The Hopeful Future of
New England Dragway

This is a follow-up to an article entitled “What We Know About the Offer to Purchase New England Dragway.”  I have made a number of revisions and corrections to that original article. If you haven’t read that recently, please go to that link and read it or review it for new information.

by Neil Van Zile

When I wrote my first article about this story, I knew that I would have a lot of incorrect information. That’s the nature of the beast – NED, Inc. is a private corporation and information is hard to come by for that reason. I also knew that people in the know would comment on the article and help to clarify any inaccurate statements, and that is exactly what happened. I was willing to take a shot, take the heat for any errors, and make corrections later. I made a couple of dumb mistakes, (making dumb mistakes is my superpower), and I also had some incorrect information from the sources that I had spoken with over the past 25-plus years. If you haven’t read that article recently, I encourage you to take a look and see all the red ink from my numerous revisions.

I didn’t say so in the article, but I honestly felt that the vote would be close. Boy, was I wrong!

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428 to 78

There are a number of terms for the vote taken by the shareholders of New England Dragway, Inc. on Thursday, December 2, 2021.

Landslide
Grand Slam
Clean Sweep
Overwhelming Victory

No matter what you call it, the results of that vote (428 against versus 78 in favor of the sale), are pretty definitive, and they make this writer feel MUCH more secure about the future of drag racing in the New England region.

Another very encouraging aspect was the many comments that were left on Facebook by shareholders. Most of them indicated how proud they were to be shareholders in New England Dragway, Inc., even if they aren’t actively involved in the sport. The money wasn’t even an issue for most of them.

I know of at least three attempts to purchase New England Dragway since I became actively involved there in the mid-1990s. The fact is, money has NEVER been the only issue, and it usually isn’t even the most important issue. Personalities, love of the sport, and respect for what New England Dragway means to those of us who love the place have always been more of a factor in the shareholder’s decision than the offer of any amount of money could overcome.

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Securing the Future

A lot of people have come forward to say that they would be willing to buy shares from anyone who wants to sell. Based on that vote, I don’t really think that is necessary.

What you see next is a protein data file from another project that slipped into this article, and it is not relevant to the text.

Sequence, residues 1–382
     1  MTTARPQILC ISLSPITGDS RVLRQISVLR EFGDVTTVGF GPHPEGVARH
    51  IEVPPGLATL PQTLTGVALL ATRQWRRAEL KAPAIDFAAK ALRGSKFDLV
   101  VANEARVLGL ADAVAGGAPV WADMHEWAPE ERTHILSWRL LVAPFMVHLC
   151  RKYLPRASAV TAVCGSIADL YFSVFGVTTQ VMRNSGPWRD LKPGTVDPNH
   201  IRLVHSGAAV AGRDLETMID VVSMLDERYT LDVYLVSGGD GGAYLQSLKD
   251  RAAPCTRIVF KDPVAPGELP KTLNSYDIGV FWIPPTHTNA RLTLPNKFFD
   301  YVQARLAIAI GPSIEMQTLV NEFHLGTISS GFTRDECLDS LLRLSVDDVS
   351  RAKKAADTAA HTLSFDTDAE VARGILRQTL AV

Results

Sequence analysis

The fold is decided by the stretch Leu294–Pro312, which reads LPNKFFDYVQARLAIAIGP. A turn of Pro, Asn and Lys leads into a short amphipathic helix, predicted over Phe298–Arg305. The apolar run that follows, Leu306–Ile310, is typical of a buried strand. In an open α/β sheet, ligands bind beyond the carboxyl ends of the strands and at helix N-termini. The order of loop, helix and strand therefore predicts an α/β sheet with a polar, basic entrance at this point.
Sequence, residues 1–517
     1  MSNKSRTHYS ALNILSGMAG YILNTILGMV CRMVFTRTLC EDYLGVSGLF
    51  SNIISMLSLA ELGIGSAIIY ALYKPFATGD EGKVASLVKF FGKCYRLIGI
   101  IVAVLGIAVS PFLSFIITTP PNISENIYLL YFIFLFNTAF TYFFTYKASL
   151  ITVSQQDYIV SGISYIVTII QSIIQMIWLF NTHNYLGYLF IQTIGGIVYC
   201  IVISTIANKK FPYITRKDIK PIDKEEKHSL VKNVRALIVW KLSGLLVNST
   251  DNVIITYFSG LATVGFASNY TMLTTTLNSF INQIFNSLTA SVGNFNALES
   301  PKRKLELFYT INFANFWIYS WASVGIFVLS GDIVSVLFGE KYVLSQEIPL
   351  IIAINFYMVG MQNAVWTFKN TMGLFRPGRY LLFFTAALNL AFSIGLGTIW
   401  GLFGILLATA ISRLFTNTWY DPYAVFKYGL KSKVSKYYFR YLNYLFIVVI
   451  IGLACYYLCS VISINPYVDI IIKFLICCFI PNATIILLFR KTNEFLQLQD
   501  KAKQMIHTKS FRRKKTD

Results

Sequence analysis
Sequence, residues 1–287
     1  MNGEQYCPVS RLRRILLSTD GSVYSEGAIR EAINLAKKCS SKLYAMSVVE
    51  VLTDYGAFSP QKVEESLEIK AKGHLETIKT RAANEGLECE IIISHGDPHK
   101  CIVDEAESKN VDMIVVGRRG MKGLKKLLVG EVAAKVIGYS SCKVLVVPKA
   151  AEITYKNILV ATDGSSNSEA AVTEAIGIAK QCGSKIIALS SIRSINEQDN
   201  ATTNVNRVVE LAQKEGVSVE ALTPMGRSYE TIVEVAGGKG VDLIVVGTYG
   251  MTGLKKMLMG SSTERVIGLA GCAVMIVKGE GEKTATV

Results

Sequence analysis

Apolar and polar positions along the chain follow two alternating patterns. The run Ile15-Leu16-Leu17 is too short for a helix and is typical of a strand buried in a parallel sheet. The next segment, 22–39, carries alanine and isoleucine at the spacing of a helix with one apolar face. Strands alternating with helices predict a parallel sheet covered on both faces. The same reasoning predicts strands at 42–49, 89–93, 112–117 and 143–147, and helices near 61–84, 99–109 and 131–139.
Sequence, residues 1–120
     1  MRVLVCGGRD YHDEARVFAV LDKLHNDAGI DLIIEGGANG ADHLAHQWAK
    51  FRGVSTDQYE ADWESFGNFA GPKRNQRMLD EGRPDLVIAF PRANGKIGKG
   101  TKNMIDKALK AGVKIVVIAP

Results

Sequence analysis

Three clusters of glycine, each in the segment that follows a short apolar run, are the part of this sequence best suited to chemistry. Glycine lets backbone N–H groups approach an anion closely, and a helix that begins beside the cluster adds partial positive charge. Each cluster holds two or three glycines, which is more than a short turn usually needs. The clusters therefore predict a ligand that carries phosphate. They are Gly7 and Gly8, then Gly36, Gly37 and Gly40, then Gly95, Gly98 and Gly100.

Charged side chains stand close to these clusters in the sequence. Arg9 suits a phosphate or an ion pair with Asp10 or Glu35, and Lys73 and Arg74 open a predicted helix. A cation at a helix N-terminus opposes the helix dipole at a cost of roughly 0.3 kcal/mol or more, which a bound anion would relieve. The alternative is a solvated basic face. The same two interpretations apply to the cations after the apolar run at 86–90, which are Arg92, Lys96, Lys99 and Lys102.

It probably also isn’t possible. According to one source, “shares can only be transferred to family or bought back by the track.” So any plan to buy back shares would have to be instigated and funded by the shareholders themselves. Given the 428 to 78 decision against a $12.5 million offer, I doubt that they will see any need to do that.

We can better spend our money on tickets, t-shirts, and hamburgers at the track.

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283 Acres

I recently spent a couple of hours with Paul Lorenti talking about a number of topics. Paul related that he often takes the red pickup truck with the NED logo on errands all around New England, and invariably someone will come up to him and say “I didn’t even know that New England Dragway was still open!”

That is the thing that we can fix – get the word out that New England Dragway, Lebanon Valley Dragway, New Oxford Dragway, and Winterport Dragway still exist.

More than 35,000 people signed the online petition created by Karri Khoury. If each of those people brought two friends to the track one time during the race season, that would go a long way to ensuring that people don’t forget we are here.

Drag racing doesn’t care what kind of car you bring to the track. New or old, foreign or domestic, front-wheel or rear-wheel drive, two or four doors, gasoline or electric. Organized drag racing is about one thing – taking our natural instinct to see how fast our stuff is, and to allow us to run it against someone else’s stuff for fun, and maybe a little profit. Drag strips allow us to do that in a safe environment. The life-long friendships and skills that we all learn in the process are just a (huge) bonus.

There are 283 acres of land on the town line of Epping and Brentwood, New Hampshire where only one thing is important. Who you voted for, global warming, the Second Amendment, what you do for a living, where, or even if, you went to school – none of that is important, and we can’t fix any of that while we are anywhere within those 283 acres.

In fact, it’s the place that we go to get a break from thinking about all of that stuff, and we all really need a place like that right now.

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Here is a list of online sources that you might find interesting.

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SALE OF NEW ENGLAND DRAGWAY STOPPED on Competition Plus by Tom McCarthy

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Listing at the New Hampshire Dept. of State of New England Dragway, Inc.
This includes a copy of the original Articles of Incorporation from 1965.

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NH 293-A: NEW HAMPSHIRE BUSINESS CORPORATION ACT – all 105 pages of the law

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Supreme Court of New Hampshire
NEW ENGLAND DRAGWAY, INC. v. M-O-H ENTERPRISES, INC.
No. 2001-712 – Decided: February 28, 2003
The decision by the Court of an attempt by Mark Hildonen to purchase shares of NED. Inc.

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Photo by Tom and Mary Ricker

Is it April yet?